5. Put away your smartphone and focus on enjoying the smell and taste of the fragrant beverage with a heart of gratitude.
kyusu-from-murata
KYUSU FROM MURATA
yoshimitsu-ishihara-yunomi
Chinese Tea Cup
yoshimitsu-ishihara-black-daizara
Daizara Plate

Tradition 4—Ofuro, a traditional Japanese bath

Japanese Bath
Photography by www.shockshutter.com

Japan is a nation that loves a good bath. For Japanese people, there’s hardly a more sacred ritual of bliss than slowly soaking the body in hot water at the end of the day.

In Japan, you usually cleanse yourself before stepping into the tub. The tradition of ofuro is not about hygiene; it’s a process of purifying the mind and body at a deeper level, washing away the fatigue of the day—healing and relaxing you.

Soaking in the warm water, take the quiet time of solitude to experience all the sensations of the bath—the heat on your skin, the fragrant steam in the air, the weightlessness of the body in water. This mindful approach to relaxation brings both the body and mind into a profound state of well-being.

How to take a bath the Japanese way:

  1. Take it slow.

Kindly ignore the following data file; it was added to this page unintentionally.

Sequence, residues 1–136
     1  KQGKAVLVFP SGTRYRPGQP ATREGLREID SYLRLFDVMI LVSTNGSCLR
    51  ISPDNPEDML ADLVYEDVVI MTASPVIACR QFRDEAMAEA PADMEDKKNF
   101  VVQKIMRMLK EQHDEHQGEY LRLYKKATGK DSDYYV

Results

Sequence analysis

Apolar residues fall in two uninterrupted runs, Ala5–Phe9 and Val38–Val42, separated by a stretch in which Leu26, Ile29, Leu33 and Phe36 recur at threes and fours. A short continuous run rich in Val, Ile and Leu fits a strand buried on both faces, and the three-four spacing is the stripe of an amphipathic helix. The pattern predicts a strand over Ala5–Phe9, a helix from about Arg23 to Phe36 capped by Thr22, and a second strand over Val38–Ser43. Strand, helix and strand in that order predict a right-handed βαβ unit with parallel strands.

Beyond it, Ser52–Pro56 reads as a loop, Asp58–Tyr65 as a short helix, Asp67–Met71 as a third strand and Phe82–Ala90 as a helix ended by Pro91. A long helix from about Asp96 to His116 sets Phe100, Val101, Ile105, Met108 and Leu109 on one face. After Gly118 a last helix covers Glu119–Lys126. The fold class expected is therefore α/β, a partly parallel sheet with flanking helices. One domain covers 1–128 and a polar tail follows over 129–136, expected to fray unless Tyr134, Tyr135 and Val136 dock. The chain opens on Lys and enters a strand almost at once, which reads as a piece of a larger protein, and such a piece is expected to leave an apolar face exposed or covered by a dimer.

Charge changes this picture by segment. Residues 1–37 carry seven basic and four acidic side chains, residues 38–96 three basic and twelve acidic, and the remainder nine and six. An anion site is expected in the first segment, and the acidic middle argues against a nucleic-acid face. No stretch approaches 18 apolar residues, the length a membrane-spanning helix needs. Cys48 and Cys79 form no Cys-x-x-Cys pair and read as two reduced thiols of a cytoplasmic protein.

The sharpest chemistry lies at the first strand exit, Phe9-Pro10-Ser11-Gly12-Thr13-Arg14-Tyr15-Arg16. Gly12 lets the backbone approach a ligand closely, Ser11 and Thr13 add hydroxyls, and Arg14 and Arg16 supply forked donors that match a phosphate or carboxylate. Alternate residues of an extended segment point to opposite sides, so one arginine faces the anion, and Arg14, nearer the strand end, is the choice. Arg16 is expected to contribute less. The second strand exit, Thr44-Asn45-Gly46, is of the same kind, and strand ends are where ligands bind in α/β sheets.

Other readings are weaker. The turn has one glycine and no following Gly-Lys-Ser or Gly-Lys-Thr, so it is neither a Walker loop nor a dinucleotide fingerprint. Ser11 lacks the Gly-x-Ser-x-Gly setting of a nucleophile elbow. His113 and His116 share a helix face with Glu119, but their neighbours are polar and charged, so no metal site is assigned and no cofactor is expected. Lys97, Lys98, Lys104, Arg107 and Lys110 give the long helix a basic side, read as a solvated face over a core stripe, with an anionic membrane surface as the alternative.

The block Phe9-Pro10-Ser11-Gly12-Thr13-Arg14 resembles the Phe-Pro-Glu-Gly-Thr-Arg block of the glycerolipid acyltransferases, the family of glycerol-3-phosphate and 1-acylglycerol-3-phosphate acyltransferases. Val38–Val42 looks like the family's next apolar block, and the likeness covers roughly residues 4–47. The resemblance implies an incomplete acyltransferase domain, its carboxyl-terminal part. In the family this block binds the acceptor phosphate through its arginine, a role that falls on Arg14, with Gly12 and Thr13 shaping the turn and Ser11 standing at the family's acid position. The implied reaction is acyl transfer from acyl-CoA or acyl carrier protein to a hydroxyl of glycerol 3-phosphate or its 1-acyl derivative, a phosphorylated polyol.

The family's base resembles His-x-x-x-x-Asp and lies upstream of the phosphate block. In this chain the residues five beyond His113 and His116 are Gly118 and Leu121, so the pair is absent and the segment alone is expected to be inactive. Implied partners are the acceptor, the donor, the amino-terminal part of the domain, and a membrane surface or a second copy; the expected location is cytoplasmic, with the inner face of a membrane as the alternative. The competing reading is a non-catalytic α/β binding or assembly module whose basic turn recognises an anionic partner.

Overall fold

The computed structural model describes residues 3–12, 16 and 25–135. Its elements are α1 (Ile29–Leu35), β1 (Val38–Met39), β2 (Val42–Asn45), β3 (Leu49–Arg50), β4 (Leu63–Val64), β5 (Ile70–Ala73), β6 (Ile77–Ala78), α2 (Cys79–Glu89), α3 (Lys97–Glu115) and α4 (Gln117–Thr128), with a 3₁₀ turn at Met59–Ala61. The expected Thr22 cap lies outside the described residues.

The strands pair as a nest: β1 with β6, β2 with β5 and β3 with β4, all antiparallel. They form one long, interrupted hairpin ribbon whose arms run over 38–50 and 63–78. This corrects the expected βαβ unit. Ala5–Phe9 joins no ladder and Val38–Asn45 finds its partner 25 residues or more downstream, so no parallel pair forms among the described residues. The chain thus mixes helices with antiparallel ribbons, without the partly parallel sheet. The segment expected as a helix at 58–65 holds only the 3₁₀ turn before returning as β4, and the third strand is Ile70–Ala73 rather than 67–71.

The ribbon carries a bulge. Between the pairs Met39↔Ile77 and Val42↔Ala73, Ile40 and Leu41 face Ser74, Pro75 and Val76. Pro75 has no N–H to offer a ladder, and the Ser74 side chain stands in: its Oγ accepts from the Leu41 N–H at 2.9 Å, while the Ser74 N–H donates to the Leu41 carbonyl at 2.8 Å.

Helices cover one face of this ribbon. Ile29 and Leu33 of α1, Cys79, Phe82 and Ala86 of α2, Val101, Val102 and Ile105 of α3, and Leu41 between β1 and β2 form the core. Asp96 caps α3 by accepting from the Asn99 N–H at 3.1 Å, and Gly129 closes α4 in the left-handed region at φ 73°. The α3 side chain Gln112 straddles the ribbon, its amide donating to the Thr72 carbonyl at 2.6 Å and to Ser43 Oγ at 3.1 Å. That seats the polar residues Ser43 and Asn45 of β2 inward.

Instead of taking a 5-minute shower, go for a 20-minute soak. Spend a few more minutes just soaking in the hot water. Use all your senses to truly enjoy and be present in the bathtub. Live in the moment to fully unwind.
  2. Add some sea salts to the tub.
    There are rich minerals and elements in sea salt that can help to reduce the acidic levels in the body and balance your pH. Put two full cups into the water to make sure the salt content is high enough to push the minerals into the body.
  3. Add an herbal infusion to your bath.
    Eucalyptus opens your lungs and helps you breathe more easily. Lavender calms your nerves. Orange blossoms aid in relaxation and lower blood pressure. Rose petals relax your body after a long day. Sage prevents stiff, sore muscles after a workout. Choose the one that fits your day.
  4. Create a pleasant environment.
    Lighting a candle or diffusing a few drops of essential oil can make your space feel more sacred, and the aroma therapy has its own health benefits.
  5. Rehydrate afterwards.
    Have a cup of tea or water to rehydrate yourself, and don’t forget to moisturize your skin as well, since the warm water will pull oils out during your soak.
    Consistently making small changes will have a big impact over time. With these little habits of ritualized mindfulness, we can build daily routines that bring more happiness and health into our daily lives.
tosaryu_earthsaversoaprest_square_1500x1500
HINOKI RIDGED SOAP DISH
MiN-NEW-YORK-PYROMANCE-CANDLES-BLACK-SERIES-UNION-CLUB-2-CHAD-MURAWCZYK_grande
UNION CLUB CANDLE
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IYASHI HEALING BATH SALT, 3 PACK